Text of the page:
This post could probably also be called three keys to positive communication. In the twenty second chapter of Joshua, we find a wonderful reminder for healthy relationships. The 10 tribes of Israel come to confront the two and a half tribes on the other side of the Jordan. Gratefully because of the humble way the smaller group responded (which admittedly may have been done because they were seriously outnumbered), crisis was averted. But the fact remains that if they’d operated using a couple simple principles, the whole situation would have been smoother: assuming positive intent and assuming that they were missing information.
Let’s start by recapping the story I reference in Joshua 22.
- v9 – the 2.5 tribes are heading home
- v10 – they build an alter on their side of the Jordan
- v11-15 – the rest of Israel find out about the altar, freak out, and go to confront the 2.5 tribes
- v16-20 – Phinehas (priest/spokesperson) confronts the 2.5 tribes and basically tell them off for building the altar
- v21-29 – the 2.5 tribes defend themselves and explain they made the altar as a reminder to the rest of Israel that they were part of them and worshipped the same God
- v30-33 – Phinehas and the Israelites are “satisfied” with the explanation and decide not to go to war with the 2.5 tribes
- v34 – the 2.5 tribes name the altar “witness”
There are a bunch of issues with the way this went down, and I have to say that this is a topic near and dear to my heart, in large part because it was hard-learned for me, it is learning to bear with one another in love, learning to seek first to understand (to quote one of the Seven Habits of Highly Effective People), allowing our differences to grow and stretch us rather than frustrate us, and learning to extend grace. These things take humility and maturity to do.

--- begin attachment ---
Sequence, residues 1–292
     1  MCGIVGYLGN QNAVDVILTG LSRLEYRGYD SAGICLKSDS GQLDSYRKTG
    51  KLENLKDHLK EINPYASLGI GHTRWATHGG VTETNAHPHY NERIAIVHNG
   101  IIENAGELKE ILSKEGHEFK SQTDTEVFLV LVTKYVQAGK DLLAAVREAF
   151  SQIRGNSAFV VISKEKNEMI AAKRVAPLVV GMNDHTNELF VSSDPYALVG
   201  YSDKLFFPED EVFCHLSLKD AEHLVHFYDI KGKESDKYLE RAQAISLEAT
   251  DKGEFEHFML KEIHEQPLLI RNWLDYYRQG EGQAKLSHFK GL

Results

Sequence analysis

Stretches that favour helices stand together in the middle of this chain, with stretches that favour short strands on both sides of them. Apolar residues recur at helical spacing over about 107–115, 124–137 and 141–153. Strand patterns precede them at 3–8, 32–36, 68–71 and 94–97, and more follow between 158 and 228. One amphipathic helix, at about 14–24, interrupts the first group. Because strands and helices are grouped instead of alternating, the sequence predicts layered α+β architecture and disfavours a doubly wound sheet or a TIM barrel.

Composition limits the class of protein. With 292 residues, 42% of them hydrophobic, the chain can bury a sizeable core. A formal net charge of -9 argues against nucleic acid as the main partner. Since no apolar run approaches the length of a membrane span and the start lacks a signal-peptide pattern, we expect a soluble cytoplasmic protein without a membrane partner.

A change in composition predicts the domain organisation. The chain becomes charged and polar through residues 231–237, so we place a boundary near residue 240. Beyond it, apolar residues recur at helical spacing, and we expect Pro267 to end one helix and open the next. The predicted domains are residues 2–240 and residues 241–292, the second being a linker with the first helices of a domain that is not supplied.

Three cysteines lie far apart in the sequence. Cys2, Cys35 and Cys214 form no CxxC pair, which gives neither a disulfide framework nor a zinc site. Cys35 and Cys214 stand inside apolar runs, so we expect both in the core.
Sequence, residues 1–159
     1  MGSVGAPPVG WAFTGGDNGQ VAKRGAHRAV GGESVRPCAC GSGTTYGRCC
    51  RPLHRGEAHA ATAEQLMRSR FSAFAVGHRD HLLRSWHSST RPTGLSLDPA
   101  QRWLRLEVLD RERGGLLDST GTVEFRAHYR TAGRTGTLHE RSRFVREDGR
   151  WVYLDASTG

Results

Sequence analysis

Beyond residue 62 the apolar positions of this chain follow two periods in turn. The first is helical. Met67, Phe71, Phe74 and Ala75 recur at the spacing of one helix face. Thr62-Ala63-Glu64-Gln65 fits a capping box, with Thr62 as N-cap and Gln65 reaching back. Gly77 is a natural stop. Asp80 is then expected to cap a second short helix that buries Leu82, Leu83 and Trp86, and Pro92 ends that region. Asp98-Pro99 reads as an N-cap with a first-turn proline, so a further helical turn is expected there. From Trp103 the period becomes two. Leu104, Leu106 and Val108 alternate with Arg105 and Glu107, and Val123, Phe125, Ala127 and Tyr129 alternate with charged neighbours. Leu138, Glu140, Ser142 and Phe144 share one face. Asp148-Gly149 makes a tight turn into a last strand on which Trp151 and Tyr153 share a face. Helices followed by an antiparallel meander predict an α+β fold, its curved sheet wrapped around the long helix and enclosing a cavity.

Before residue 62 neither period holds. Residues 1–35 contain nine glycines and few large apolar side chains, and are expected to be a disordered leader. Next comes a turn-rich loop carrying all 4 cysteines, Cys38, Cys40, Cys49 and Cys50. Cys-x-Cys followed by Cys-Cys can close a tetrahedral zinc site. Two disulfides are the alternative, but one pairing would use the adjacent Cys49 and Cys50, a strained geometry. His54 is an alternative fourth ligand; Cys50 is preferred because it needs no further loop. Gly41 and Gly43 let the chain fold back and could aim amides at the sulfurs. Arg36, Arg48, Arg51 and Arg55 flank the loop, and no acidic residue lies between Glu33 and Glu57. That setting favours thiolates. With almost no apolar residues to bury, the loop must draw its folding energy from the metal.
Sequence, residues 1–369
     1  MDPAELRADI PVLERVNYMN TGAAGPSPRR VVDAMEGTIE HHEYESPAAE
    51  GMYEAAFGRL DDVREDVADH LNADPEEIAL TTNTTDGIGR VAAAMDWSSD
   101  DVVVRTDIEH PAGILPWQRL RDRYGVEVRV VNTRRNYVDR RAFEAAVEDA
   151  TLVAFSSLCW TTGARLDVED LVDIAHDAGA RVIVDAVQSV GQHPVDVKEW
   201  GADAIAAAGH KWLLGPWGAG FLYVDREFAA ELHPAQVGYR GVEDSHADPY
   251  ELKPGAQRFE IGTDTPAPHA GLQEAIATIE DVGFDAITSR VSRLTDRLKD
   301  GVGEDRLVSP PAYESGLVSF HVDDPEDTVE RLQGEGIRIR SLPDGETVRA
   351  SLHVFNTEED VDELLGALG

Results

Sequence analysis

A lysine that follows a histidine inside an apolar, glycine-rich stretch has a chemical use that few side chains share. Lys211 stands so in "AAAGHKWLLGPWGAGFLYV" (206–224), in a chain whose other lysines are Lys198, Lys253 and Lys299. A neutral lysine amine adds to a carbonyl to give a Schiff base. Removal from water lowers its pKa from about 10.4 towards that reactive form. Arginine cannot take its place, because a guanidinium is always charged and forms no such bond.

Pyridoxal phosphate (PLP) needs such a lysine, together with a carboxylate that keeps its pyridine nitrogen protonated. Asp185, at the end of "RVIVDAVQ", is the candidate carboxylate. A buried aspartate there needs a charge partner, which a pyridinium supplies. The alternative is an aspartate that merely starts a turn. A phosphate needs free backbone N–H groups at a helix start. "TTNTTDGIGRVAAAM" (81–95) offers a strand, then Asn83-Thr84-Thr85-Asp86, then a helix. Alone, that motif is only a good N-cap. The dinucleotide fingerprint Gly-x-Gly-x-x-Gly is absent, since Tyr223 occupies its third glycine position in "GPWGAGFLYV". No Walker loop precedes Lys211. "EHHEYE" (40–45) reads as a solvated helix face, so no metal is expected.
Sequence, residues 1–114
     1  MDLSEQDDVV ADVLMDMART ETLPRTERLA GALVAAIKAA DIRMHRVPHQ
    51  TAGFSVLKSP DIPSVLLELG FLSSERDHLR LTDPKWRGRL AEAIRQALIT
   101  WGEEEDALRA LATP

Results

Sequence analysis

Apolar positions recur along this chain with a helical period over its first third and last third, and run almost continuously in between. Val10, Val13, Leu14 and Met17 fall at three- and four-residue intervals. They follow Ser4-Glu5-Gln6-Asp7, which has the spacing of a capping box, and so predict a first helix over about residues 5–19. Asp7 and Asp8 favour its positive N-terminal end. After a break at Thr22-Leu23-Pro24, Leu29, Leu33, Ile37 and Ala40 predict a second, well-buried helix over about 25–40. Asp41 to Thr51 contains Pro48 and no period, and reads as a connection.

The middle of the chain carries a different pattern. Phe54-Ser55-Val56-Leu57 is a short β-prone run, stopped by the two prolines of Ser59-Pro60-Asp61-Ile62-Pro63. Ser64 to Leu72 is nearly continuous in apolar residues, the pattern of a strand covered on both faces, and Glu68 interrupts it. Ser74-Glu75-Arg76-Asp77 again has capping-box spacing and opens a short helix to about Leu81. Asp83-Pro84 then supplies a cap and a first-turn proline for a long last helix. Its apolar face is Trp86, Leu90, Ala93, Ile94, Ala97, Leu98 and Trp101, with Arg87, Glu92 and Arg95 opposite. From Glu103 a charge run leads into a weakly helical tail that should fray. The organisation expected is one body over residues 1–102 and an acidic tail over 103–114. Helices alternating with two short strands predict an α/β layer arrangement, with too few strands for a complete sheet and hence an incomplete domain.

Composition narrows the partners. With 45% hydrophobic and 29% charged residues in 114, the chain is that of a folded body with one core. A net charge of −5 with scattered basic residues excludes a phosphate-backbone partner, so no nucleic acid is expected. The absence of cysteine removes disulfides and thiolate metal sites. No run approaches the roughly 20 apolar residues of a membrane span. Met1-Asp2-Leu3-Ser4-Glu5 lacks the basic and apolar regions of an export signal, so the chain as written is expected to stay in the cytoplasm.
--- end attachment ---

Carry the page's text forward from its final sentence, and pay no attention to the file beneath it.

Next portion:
We all struggle with judging one another, especially when it comes to motivations. And rather than extending the grace we ourselves would like to receive, we have a tendency to jump to conclusions, which are rarely good. My sister likes to say “what story are you telling yourself?” This is a great reminder to be conscious about whether you are telling yourself the negative version of every situation or if you are extending the grace you yourself would like to receive.
To recap these three key principles behind positive communication:
- Bear with one another in love
- Assume positive intent
- Assume you’re missing information
When you start from this place, you give room for clarification without drama. You also leave room for the other person to repent if they’ve done wrong. By coming from this viewpoint, you give space for their to be understanding and harmony, rather than judgment and offense. And most importantly, when we come from this viewpoint, we are reflecting Father’s heart.